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Bankruptcy: Bankruptcy Articles & Blog
Bankruptcy - A Historical Perspective
By Attorney Goldstein
Attorney Michael Goldstein first published this article on the history of bankruptcy on the Phillips Law Offices Consumer debt blog March 21, 2012:
When people hear the word bankruptcy, they often say to themselves, ?what is it?? Many people believe that the concept of debt relief is a new or modern topic, and often times, people view the term as a dirty word or with a negative connotation. The truth of the matter is simply the complete opposite. In fact, the idea of filing bankruptcy is as old as the United States of America itself and a very interesting historical topic when viewed in its full context.
Taking a broad look at this topic, debt has been an issue for centuries. In the distant past, it was a crime to not repay creditors, and as a matter of fact, in England in the middle-ages there were debtor?s prisons for those who were found guilty. The standard procedure back then was; if you couldn?t pay your debts, the King would throw you into jail. Debtors would then stay in jail until they were able to repay their creditors, which of course stopped them from being able to work to pay off the debts.
Luckily, things have changed a little bit over the past few hundred years, throughout England and everywhere else, including the United States of America. Looking back to the beginning of our country, bankruptcy was such a hot button topic when the Revolutionary War ended, that the right to file for bankruptcy protection was incorporated into the Constitution. In fact, it is first seen in Article I, Section 8, Clause 4 therefore, as early as 1801, we had bankruptcy laws in the United States of America. The concept of bankruptcy was so important to our Founding Fathers that they gave congress the power to create bankruptcy courts and regulations in Article I and Article III of the United States Constitution, the earliest legal document in our country?s history. The Founding Fathers thought the right to bankruptcy was so important that they provided for it at the beginning of the Constitution, rather than burying it in the end of the document.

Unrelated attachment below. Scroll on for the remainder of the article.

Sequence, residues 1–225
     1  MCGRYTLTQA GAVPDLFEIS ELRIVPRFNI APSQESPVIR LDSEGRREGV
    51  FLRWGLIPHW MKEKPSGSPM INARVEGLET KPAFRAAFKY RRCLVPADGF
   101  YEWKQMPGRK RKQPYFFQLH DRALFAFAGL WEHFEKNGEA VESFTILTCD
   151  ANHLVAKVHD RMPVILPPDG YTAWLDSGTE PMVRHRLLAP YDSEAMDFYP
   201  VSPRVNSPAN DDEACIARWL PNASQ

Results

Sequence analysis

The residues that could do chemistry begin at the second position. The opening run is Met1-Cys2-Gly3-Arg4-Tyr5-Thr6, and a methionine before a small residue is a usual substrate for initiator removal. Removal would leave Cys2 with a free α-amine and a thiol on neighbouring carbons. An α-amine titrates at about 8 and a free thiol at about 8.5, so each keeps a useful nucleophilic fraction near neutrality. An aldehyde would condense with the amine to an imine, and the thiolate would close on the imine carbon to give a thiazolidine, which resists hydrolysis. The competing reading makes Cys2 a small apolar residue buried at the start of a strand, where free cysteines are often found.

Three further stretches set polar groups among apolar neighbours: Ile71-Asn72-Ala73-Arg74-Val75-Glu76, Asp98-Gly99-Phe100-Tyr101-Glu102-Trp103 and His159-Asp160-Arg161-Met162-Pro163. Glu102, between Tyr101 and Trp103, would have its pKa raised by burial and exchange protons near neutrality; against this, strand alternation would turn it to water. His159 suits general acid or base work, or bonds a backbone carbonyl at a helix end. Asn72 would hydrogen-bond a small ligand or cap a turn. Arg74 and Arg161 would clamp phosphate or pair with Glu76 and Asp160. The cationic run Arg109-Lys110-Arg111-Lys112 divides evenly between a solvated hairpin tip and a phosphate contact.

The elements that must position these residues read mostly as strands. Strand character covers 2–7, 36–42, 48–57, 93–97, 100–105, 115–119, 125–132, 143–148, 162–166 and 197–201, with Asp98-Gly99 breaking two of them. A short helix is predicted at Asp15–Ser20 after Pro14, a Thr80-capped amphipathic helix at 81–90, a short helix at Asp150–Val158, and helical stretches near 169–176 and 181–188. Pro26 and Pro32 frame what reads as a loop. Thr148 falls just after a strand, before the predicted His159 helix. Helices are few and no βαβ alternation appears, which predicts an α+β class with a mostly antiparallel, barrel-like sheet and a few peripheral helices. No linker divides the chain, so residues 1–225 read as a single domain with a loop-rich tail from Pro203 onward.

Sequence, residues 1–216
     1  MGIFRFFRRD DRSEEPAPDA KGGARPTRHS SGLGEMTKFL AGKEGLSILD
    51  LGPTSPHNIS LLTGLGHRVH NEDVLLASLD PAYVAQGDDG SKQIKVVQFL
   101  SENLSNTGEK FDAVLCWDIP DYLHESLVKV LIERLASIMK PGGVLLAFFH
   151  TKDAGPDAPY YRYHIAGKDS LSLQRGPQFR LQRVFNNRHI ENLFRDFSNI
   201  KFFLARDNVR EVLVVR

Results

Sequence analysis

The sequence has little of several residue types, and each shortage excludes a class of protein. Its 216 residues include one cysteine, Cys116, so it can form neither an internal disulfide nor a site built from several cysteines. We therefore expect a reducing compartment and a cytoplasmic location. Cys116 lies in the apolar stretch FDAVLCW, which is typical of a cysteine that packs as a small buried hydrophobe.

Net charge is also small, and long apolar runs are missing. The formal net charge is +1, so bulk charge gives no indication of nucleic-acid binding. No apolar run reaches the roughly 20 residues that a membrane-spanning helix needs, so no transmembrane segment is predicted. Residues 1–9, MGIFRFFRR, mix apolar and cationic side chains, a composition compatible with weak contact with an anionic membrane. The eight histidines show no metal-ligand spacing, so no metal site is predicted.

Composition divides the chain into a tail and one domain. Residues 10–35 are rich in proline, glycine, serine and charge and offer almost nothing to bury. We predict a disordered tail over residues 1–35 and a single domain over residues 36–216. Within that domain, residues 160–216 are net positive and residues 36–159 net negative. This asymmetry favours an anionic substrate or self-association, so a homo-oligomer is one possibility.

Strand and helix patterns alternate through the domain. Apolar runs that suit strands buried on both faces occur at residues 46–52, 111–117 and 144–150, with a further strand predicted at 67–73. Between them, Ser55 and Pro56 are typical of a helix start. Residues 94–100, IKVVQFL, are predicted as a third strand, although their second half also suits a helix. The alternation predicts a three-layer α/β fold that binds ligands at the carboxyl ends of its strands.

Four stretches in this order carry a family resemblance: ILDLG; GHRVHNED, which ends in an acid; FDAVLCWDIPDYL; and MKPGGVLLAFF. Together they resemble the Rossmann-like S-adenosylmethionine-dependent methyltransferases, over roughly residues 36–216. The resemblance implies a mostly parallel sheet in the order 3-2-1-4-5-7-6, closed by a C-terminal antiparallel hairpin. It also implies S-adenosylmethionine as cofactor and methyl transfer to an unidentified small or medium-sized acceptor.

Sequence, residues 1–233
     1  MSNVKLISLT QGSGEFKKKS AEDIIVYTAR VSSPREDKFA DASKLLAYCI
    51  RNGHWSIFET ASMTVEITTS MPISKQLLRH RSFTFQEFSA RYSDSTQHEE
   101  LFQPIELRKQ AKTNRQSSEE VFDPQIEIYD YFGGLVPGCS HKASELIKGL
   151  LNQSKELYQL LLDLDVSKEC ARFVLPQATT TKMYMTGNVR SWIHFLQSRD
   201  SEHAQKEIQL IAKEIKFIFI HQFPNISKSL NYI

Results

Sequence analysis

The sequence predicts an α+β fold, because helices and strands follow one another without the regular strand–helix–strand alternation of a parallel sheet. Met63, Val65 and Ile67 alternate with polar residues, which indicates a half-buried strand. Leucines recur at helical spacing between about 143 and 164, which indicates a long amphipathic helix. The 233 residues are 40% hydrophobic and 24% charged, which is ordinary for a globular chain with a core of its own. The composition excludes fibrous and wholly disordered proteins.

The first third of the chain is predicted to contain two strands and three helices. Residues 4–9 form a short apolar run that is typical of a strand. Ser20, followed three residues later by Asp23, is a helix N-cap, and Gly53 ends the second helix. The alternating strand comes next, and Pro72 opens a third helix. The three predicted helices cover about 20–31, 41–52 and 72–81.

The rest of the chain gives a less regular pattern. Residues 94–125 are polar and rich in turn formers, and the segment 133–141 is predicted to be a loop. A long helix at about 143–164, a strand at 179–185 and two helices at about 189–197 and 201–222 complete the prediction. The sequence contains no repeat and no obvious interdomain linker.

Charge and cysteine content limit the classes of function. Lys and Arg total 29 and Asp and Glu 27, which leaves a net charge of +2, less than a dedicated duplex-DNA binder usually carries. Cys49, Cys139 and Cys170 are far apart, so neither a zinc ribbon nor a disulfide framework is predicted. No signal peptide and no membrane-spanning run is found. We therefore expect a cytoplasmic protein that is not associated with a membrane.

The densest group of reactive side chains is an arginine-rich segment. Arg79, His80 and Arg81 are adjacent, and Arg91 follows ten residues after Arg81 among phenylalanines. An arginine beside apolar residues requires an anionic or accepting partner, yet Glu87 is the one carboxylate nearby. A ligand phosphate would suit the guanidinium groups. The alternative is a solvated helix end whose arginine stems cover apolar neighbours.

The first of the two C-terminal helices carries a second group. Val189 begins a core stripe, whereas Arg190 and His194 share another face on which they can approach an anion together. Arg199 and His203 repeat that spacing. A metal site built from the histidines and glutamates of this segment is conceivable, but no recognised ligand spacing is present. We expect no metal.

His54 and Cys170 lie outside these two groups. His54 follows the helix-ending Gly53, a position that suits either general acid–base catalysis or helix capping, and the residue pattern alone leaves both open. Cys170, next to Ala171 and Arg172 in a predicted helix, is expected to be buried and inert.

Debt relief is something that our Founding Fathers knew was going to be part of the economy. It has been a part of our economy for years, it is not just something new in the last few decades when people started getting and using credit cards, but rather it has been around since the inception of our country. Had the idea of debt relief been so appalling to those drafting our very first set of laws, it would not have been made a part of the Constitution. If it was not so important, the Federal Government would certainly have removed it from the laws and not sponsored it again and again. Congress would certainly not have amended the rules in 1978, or again in 2005 to add more complexities and protections to the law of bankruptcy, under Title 11 of the United States Code.
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